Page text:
Now, I know what you must be thinking...you gave up a year in Australia for Windsor, Ontario? Hah!
Yet, this was it...this was at that moment in my life when the clouds started to part and revealed that all I needed to do is let go of the things I could not control. Little did I know at the time, but that one decision would lead to a teaching job in Haliburton the following fall, a permanent position in Lindsay one year later, and ultimately the family I have created today.
I think there comes a point in your life when you need to hand the job over to the Universe. This could not be more true of the events that have unfolded in my life.
Returning to my letter writing, I wrote a letter to myself describing all of the things that I was looking for in a partner before I started Teachers College; however, unlike past letters, I held this letter for safe keeping. I knew what mattered to me and what I wanted from someone who I would spend my life with. Insert Craig.
Craig is exactly who I was looking for. I had feared that I would not be able to find someone, who would not only work to understand me, but who I would also want to work for in return. It wasn’t until I let go of that worry and doubt, that I began to enjoy the process of the search. After being married now for four years, I can honestly say Craig is the love and balance I need in my life. When I am overly emotional, irrational or indecisive, he has a way of offering advice to help me see more clearly. He is the perfect sounding board I need to just let me get my thoughts out of my own head. Looking back on when Craig and I met, I realize now that I needed to be ready to meet him.
In order to find someone who I could be happy with, I needed to be happy with myself. I had to trust that whoever I was supposed to meet would come into my life when I was ready, believing in the law of attraction and...
...allowing time to work its magic.
Trusting, or putting 'things out into' the Universe, became a regular part of my belief system. Eckhart Tolle famously said, “Surrender to what is. Say ‘yes’ to life and see how life suddenly starts working for you, rather than against you.” However, this is not to say I haven’t had my road blocks, not knowing which direction to embark on.
Being ready to enter into motherhood was one of those moments. Turning back the clock to two years ago, I would consider my relationship with myself to be fully intact. I considered myself to be self-reflective and I loved my time alone to do something for me, whether it was working out, reading or watching TV. As much as it pains me to admit...I feared what would happen to me if I were to have a baby.
I wasn’t worried about whether I would be a good mom, because I knew the kind of love I already had for my own niece and nephews and the example my own mother set for me...but what I did worry about was losing a part of myself and not being able to get it back. I didn’t want to say this out loud in fear of judgement and being perceived as selfish. Working through my uncertainty of the unknown was difficult and it wasn’t a conversation I wanted to have with other people. Rather, it was one I needed to tackle on my own. I needed to get crystal clear on what I wanted to manifest. I needed to envision it, fall in love with it and believe it was already here; once again, learning to surrender my thoughts. As soon as I was able to do this, and realize my relationship with myself was on-going, I was able to realize that creating a family was only going to further help me develop into the person I want to be. That is when my fear turned into excitement.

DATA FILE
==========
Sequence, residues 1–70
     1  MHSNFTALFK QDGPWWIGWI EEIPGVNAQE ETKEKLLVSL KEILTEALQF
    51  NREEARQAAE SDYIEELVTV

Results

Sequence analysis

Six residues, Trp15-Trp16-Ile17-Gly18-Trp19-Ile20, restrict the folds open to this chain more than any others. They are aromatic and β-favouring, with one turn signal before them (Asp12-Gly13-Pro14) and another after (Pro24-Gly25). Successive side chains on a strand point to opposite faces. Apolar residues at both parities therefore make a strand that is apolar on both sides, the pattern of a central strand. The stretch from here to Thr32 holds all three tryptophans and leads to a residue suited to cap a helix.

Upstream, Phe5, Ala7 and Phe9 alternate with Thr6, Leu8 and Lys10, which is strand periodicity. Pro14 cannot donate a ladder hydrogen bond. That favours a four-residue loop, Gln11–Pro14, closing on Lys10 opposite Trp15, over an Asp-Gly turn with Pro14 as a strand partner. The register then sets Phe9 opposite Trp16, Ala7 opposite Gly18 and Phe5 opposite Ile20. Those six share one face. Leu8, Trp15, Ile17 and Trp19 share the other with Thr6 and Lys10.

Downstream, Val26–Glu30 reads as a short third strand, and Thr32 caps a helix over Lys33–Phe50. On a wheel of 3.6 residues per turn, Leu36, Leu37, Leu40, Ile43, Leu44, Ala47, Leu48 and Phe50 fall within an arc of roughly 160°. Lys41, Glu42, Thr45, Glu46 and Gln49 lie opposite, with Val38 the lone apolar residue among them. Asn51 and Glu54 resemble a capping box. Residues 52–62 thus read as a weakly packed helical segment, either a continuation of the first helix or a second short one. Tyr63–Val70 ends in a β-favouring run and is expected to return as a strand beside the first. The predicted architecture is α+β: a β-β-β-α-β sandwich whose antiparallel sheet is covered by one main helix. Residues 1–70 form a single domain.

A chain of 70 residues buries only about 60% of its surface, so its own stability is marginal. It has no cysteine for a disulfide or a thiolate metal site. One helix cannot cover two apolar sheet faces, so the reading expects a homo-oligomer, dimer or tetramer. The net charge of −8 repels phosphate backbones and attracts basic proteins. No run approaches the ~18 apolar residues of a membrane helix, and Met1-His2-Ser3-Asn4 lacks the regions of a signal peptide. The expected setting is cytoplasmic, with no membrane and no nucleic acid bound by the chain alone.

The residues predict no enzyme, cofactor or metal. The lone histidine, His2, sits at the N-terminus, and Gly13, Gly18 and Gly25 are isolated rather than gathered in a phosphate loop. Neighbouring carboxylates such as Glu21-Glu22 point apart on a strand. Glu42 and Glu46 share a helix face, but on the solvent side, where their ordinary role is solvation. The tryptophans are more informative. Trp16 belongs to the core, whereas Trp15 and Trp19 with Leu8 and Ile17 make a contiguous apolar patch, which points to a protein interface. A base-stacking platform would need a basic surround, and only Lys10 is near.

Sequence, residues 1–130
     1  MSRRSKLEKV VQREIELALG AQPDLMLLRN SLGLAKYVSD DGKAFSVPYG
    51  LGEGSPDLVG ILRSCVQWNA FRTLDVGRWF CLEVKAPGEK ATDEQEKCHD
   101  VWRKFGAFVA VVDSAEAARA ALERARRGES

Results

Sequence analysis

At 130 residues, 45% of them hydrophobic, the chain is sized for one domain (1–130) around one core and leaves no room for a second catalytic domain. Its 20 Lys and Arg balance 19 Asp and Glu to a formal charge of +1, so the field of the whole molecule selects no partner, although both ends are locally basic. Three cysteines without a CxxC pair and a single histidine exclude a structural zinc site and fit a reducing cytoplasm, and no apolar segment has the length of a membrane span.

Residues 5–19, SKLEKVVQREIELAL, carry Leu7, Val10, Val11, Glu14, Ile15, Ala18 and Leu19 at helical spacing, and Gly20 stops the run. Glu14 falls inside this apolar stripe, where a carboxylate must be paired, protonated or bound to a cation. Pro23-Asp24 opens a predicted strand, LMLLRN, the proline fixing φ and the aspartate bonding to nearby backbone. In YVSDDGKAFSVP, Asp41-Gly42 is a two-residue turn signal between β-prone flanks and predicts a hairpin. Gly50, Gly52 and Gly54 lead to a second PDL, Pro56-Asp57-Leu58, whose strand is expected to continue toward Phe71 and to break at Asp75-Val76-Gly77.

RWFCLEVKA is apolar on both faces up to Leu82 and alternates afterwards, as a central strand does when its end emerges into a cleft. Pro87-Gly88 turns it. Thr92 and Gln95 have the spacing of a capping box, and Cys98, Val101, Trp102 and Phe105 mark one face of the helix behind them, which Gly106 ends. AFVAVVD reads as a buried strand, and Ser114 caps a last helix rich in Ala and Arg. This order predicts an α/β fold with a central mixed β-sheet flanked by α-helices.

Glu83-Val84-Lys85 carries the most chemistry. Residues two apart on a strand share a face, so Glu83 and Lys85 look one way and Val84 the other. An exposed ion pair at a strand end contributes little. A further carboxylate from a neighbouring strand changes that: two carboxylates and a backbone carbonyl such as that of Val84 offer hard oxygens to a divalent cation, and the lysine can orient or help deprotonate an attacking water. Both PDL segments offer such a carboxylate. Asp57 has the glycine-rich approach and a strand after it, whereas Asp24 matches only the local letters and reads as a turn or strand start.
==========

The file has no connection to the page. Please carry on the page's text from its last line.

Eighteen months ago we welcomed our daughter, Palmer Laighton into the world. Palmer’s presence, and my love for her, has completely changed my outlook on life. All of the events and situations in life that I would have devoted time to worrying about prior, no longer seem important. Being Palmer's mom has truly made me into a stronger woman, and pushed me to be the best version of myself.
Since having Palmer, I have had to dig even deeper into my relationship with TIME. I think it is easy to want to be the control captain of your own life. I am guilty of taking on too much, saying YES to commitments when I should have said NO, and failing to delegate or ask for help when I am juggling too much. Going back to work in November mid-semester was difficult. I never had a problem devoting time for family; that was always from the moment I got home from school until Palmer went to bed. However, what I struggled with was finding the right balance between prepping for my classes, marking, finding time for Craig and I, my family back in Hagersville and...
...time for myself.
I was very in tune with the warning signs my body would give me when I was beginning to fall apart. Releasing that control was (and is) scary, but what I have come to realize is that I do not have to be in control of everything in my life. With the passage of time, and the deadlines that life imposes, learning to let go is the right thing to do.
I (Lindsay) am: learning to surrender.
Subsequently, upon revision of my SHE IS: post, I noticed that I listed my own personal needs last...so evidently I still have some work to do!
Finding time for YOU matters. Taking a moment, whether is it each day, or once a week to do something for you, helps you remember that you are important too. How you talk to yourself matters. Your words are powerful, especially the ones you say to yourself every day. You need to remember not to be so hard on yourself, and acknowledge that what you tell yourself is reality. So, remember to be kind. In the end, the relationship you have with yourself will make you stronger in all other aspects of your life.
I love you,
To my co-creator of the Universe, Jodi; I want to thank you for pushing me to reflect on my journey, and relationship with myself and time. This project has reminded me that when life gets busy it is easy to forget that you just need to breathe, let it go, and let it in.